Odd Development in Seattle Murder and Attempted Murders:

The Seattle Post-Intelligencer reports:

Naveed Haq, now widely portrayed as a Muslim American so angry at Israel that he shot up a Jewish charity in Seattle, had recently converted to Christianity.

Recall that Haq is reported to have said, "I am a Muslim American, angry at Israel," before shooting.

The following paragraph suggests that a possible explanation -- he converted, but then began to view himself as a Muslim again: "Haq, 30, told a ministry leader that he saw too much anger in Islam and wanted to find a new beginning in Christianity. He converted to Christianity, but, as with many other endeavors in his life, drifted away from the faith."

The rest of the story discusses Haq's life, and suggests, in my view plausibly, that the shooting was triggered by personal problems, rather than by a coherent longstanding ideology of anti-Semitic murder. Yet my guess is that ideology can't be irrelevant here. Some people, when they have serious problems, drink. Some commit suicide (unfortunate, but still better than murder). Some decide to kill, and in particular to kill members of certain groups; and that seems like a pretty clearly ideology-driven choice, and reason to see what we can do about fighting such ideologies.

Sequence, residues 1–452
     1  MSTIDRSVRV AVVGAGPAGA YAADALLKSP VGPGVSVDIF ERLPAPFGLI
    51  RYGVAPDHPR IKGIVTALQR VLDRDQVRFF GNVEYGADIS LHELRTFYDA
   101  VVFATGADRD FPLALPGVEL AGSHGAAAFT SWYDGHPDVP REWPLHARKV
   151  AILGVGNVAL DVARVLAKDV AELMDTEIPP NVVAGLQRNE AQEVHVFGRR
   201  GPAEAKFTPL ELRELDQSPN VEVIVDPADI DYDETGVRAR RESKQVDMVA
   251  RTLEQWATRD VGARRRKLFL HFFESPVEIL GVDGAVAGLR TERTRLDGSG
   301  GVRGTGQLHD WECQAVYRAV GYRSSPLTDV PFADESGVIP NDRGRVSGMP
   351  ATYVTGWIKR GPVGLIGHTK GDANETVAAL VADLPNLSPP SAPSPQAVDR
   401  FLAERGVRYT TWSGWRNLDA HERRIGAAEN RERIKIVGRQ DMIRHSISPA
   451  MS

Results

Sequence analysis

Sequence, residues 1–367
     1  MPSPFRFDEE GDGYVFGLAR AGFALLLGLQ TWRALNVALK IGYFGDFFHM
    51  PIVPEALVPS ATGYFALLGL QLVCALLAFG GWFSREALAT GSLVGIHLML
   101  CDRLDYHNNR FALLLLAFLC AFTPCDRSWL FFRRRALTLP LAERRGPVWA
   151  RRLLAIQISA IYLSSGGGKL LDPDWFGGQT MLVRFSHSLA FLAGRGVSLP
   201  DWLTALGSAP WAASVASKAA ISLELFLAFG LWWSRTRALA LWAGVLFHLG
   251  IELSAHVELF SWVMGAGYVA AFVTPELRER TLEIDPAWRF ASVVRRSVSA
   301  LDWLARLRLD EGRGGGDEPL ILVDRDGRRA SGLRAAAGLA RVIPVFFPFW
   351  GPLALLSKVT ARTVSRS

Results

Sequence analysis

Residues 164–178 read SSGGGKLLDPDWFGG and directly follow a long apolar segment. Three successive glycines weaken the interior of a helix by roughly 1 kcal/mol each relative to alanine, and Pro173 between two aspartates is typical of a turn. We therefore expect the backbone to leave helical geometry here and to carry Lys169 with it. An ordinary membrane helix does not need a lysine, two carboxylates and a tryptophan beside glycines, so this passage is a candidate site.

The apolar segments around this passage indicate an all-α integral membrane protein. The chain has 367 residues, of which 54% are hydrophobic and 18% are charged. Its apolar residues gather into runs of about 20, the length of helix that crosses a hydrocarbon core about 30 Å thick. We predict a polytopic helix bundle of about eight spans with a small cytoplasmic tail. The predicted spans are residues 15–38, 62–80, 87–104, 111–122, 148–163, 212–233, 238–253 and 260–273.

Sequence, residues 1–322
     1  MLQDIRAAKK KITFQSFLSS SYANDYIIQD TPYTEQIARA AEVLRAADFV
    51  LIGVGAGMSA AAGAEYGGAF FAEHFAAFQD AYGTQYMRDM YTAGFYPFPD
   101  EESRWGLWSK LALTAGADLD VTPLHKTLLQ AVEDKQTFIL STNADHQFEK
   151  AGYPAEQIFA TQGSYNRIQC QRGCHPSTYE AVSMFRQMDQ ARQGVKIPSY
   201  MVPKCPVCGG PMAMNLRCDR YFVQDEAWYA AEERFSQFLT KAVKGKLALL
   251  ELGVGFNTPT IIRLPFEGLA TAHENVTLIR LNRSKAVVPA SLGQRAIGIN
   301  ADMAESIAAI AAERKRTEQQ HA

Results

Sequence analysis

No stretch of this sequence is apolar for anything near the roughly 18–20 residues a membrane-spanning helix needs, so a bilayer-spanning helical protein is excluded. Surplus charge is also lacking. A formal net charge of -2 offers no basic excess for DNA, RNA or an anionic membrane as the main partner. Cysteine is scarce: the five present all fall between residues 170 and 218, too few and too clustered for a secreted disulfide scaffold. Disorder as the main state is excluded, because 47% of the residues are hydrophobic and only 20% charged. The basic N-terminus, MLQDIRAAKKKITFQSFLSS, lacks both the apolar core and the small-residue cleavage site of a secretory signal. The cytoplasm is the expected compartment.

One more paragraph, for an extra ecumenical twist:

A neighbor of Haq's parents told the Tri-City Herald that Haq expressed anger at Jews, having convinced himself that the Jewish community controls the nation's media and economic system. The neighbor, Caleb Hales, also said Haq expressed an interest in the Mormon faith.

Since the worst that I've heard about Mormon-Jewish relations is that many Jews (not including me) are upset at Mormons' attempts to posthumously baptize Holocaust victims, I can only wish that the interest had blossomed into reality.